A key lost chapter of the ultra-hip early 70s Warner Brothers rock scene – lost recordings by Jack Nitzsche, a key figure from the same scene as Van Dyke Parks, Jimmy Webb, Randy Newman, and other legendary figures. Nitzsche first emerged in the 60s as kind of a Phil Spector-like wunderkind – but by the time of these 70s recordings, he'd stretched out considerably – working in orchestral formats, as he'd later use on some of his best soundtrack work, and also exploring the more adult side of contemporary rock – with a pastiche of themes, manners, and modes borrowed from Americana, and filtered through the same Burbank-hip filter used by Van Dyke Parks. The first 6 tracks on the set are from the obscure album St Giles Cripplegate, and are mostly orchestral – and the remaining tunes weren't even released until the turn of the millennium! The include ones recorded for the album Jack Nitzsche – a collaboration with Robert Downey, due for release in 1974, and done with a style that's a bit like the best reprise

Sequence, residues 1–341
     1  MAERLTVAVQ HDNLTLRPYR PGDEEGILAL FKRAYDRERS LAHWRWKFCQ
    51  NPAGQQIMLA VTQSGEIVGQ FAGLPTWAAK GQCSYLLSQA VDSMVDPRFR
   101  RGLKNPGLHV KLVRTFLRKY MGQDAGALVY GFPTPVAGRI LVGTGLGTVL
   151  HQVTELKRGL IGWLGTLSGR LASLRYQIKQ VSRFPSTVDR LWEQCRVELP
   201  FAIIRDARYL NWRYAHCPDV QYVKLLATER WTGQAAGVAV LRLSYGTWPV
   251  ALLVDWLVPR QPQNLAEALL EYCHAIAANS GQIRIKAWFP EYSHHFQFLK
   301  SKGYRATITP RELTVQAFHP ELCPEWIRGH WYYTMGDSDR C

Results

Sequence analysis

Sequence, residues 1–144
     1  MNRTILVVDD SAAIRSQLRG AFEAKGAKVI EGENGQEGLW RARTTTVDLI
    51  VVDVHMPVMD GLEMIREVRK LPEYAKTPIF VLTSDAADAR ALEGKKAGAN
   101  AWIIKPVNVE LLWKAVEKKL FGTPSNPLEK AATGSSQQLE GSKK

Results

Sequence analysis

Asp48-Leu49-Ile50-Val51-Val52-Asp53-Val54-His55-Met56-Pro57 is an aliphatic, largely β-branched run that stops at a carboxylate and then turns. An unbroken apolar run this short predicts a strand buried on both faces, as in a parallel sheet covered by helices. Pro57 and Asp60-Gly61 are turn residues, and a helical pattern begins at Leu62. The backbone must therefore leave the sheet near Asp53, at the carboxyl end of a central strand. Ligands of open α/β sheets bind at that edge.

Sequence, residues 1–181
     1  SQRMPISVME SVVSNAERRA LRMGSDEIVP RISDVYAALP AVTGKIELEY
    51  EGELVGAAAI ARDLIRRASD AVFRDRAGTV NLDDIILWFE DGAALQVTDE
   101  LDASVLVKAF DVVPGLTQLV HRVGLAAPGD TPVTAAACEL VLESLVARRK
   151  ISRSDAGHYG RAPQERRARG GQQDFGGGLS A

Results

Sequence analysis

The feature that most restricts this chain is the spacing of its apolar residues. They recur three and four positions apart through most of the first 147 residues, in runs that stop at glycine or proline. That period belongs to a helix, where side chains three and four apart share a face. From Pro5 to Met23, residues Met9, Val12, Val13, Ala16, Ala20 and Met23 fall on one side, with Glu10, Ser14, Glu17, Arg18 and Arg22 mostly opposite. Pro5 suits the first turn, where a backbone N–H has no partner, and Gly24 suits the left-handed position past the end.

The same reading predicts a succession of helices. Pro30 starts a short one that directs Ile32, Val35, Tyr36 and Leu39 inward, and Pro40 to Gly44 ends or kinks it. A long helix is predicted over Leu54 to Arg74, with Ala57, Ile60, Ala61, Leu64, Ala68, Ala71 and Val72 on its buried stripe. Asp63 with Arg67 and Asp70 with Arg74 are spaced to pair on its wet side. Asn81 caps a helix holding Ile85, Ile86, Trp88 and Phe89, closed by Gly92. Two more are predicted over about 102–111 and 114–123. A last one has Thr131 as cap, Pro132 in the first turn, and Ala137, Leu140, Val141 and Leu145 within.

work of Parks, Webb, Newman, and Paul and/
or Mason Williams. These tracks all have vocals, and a wonderfully earthy, honest, and adult feel – and they're very nicely complemented by the remaining 4 tracks, which are demos, also previously unissued. Titles include "I'll Bet She Knew It", "On The Moodus Run", "Marie", "Number Eleven", "Carly", "Reno", "I'm The Loneliest Fool", and "Who Say What To Who".